What did you want the girls to learn?
I wanted them to learn – and they have learned – how to debate, how to negotiate, and how to collaborate. Those are big things when you live in an institution where you are always on your own. You need to survive; you can be moved the next day to a new institution. You are always on your own, and these workshops gave them something to do together. A center for young women who are all working together can be a really powerful, positive place.
A Polish critic wrote in reference to my project that, “anyone could have played those girls in the film,” which shows a complete misunderstanding of the project. Conceptually, there is a specificity to who is depicted and what they do on camera. Yes, it is possible for anyone to perform in this way, but it isn’t anyone, it is somebody with a specific history who has developed that performance. They transformed their ideas through writing, edited them for clarity and developed them through performance to come up with self-representations that were meaningful to them.
They feel misunderstood and ignored so it was important to all of us to give them the stage. And this is what the project is about: to tell them that you are unique, you are special, you have talent, you are generous, loving, a kind person, and you have power. You can do something. Our work means that we believed in them and their power to create and perform at a world-class level representing their country.
We also wanted them to learn something about words and meaning and how gestures – both physical and conceptual – are communication tools. We taught that in workshops but they were also part of the film production and construction.
One example is the use of English in the opening scene. We worked with the girls to develop words that were important to them and then talked to them about reaching an international audience. They understood how important a gesture it was that the words came directly from them, were their words.
You seem to be very positive, but it must have been hard in the beginning.
Doing the project was extremely difficult on so many levels but, at the same time, it was always also a cathartic experience for all. Many of these young women have experienced hardships but they all have inside of them a remarkable ability for connection. Being part of that has kept us all going and has made this project a joyful endeavor for everyone.
The viewer isn’t able to get to know the stories of the girls, the reasons why they are in Rudzienko.
We didn’t want to focus on hardships. We were always focused on moving forward, it was about being here, now, asking the girls what they need at the moment. They are acutely aware of how society sees them and much of that has to do with their hardships. One reason they loved taking part in all the work I’ve done in Rudzienko over the years is that we offered the opportunity for them to rebut the stereotypical view of who they are and, rather than live in the past, live in the present. As we constructed this project together, we talked about the film, and the entire project, as a kind of manifesto and an opportunity for them to say who they are much in the same way as Korczak’s children in Little Review.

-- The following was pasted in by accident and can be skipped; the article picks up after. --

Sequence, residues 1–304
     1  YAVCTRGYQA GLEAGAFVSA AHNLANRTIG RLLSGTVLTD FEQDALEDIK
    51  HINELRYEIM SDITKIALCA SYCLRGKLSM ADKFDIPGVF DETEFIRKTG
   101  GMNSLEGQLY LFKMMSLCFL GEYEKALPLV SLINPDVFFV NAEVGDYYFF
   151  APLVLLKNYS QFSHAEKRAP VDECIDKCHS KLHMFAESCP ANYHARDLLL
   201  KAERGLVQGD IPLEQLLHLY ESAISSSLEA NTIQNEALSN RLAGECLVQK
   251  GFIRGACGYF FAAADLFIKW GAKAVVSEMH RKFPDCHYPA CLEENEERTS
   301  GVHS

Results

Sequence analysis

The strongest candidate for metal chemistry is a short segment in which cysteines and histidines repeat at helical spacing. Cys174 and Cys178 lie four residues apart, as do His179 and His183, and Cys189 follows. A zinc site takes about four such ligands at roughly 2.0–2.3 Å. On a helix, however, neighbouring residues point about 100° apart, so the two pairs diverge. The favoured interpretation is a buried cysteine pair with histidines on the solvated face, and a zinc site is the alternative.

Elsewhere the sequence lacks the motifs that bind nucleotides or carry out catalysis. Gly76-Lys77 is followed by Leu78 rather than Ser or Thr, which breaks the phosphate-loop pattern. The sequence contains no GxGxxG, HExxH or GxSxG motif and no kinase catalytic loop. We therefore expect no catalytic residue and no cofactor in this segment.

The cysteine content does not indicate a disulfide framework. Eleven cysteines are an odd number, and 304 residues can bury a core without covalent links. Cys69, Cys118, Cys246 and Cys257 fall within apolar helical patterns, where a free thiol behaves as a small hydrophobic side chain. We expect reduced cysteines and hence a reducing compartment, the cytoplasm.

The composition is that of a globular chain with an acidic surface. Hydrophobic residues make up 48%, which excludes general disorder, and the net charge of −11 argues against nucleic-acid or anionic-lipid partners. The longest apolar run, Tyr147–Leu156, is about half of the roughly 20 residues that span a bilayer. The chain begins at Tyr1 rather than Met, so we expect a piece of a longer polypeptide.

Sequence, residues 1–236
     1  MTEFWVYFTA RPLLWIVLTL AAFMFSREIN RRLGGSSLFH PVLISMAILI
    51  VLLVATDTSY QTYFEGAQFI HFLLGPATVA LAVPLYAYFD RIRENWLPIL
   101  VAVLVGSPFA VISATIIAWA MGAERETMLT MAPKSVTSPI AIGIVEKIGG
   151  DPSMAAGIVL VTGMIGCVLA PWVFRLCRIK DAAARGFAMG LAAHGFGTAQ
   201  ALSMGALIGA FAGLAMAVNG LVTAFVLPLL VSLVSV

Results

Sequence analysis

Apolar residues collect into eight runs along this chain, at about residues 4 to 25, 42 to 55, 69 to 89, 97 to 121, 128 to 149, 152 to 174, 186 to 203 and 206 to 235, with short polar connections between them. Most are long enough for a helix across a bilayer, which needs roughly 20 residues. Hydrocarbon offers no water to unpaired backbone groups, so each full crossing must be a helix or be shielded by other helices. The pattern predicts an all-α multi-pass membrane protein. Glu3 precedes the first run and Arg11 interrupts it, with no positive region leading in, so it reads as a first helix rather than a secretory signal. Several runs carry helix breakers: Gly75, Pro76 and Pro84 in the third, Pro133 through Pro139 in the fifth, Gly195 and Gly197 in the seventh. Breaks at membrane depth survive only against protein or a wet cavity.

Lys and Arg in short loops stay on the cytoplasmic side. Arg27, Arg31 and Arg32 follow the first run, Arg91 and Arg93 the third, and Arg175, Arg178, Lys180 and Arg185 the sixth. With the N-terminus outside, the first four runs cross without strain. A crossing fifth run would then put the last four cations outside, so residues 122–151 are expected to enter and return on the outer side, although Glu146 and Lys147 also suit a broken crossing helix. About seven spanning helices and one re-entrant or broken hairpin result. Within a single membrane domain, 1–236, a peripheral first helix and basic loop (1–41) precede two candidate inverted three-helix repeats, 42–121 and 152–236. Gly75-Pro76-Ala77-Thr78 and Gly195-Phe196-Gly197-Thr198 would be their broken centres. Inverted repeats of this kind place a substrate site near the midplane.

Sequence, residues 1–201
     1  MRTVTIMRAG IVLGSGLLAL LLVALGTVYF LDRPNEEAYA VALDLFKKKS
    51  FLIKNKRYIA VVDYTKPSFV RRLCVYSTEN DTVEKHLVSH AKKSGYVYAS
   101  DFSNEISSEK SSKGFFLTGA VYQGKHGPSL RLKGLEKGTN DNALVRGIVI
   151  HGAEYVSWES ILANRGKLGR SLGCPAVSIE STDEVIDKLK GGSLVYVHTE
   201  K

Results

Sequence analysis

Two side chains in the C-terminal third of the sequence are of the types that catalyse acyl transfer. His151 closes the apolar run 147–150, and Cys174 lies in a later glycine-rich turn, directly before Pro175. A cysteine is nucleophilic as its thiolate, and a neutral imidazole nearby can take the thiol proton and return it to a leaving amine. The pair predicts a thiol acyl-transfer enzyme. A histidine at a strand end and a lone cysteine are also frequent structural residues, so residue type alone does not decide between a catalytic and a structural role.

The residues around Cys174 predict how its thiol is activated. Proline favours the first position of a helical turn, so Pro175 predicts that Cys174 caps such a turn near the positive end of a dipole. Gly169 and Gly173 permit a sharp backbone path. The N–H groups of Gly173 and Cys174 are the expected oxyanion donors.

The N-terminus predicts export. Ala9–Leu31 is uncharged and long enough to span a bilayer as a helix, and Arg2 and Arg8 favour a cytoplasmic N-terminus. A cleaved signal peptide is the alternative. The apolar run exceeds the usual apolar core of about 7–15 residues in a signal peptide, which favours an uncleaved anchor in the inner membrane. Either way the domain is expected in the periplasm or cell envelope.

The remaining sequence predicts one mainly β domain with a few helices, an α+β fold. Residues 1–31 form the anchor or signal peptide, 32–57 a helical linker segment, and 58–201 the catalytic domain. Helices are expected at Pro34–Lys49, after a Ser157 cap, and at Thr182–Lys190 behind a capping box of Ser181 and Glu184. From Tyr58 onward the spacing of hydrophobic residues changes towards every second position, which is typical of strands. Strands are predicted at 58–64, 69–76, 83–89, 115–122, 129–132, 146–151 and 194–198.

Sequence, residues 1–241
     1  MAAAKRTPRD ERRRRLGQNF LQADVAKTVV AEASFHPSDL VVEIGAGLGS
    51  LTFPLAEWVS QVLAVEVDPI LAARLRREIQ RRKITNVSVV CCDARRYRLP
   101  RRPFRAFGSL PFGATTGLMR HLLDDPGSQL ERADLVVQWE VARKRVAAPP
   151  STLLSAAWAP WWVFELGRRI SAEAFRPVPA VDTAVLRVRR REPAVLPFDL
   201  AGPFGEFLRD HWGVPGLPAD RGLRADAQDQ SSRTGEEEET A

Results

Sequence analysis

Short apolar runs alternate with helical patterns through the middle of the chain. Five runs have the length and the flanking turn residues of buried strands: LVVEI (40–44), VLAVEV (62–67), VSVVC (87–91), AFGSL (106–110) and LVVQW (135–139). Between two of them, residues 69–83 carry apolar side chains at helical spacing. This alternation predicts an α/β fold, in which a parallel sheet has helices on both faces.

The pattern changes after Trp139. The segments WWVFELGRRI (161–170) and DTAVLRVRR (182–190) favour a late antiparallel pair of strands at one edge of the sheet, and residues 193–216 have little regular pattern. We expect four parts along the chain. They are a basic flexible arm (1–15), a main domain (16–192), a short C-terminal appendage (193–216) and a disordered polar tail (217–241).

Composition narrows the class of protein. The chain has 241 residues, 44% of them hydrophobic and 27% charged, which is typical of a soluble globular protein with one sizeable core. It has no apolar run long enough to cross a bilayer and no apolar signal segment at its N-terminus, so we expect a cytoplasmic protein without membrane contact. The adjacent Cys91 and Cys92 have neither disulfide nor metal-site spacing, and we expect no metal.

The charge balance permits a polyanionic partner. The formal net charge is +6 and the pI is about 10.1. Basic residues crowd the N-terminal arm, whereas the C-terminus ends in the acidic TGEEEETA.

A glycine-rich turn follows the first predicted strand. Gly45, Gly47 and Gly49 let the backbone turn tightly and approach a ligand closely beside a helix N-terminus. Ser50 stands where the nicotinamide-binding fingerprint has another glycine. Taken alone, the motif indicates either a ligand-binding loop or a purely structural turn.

Adult prejudice or judgments are pushed all the time. I hope my work will make people question their judgments.
Over my entire career I have been trying to undermine viewers’ preconceptions and get them to think past obvious questions and documentary approaches. While I have spent a lot of time working with ethnographic and documentary film ever since I first encountered them in graduate school over 25 years ago, and many of my films have been shown in that context, I have tried to question the underlying precepts of those practices. I didn’t have any interest in labeling the girls the way other people do. Adult prejudice or judgments are pushed all the time. I hope my work will make people question their judgments.
With you being a well-known American artist, you were not on equal level to the girls. Yet you were still able to bond with them.
When I first came to Rudzienko it was just to visit a friend who was living there, so it really grew out of friendship. I didn’t come there with the intention to make a project for the Venice Biennale. In the beginning many of them just knew me as the friend of Milena. We were able to develop a great bond. Maybe they perceived me as different from the adults in their lives, and in many ways they see their difference as the reason they have wound up in this center that no one really knows about or thinks about. In a way we share an outsider status. They immediately understood that I did not have any of the preconceptions they saw other people brought to their interactions with them. And from my end, I really didn’t know anything about them other than that they lived with Milena, so I took them at face value. Our bond was forged on our ability to not bring any baggage to our relationship.
I am not hierarchical in my approach and, although I talk a lot about teaching and education, I don’t think of myself as the bearer of knowledge that must be communicated. I am as interested in what I can learn from them as what they can learn from me. I felt Korczak was a kindred spirit in this respect and that’s why I think I identified so much with him.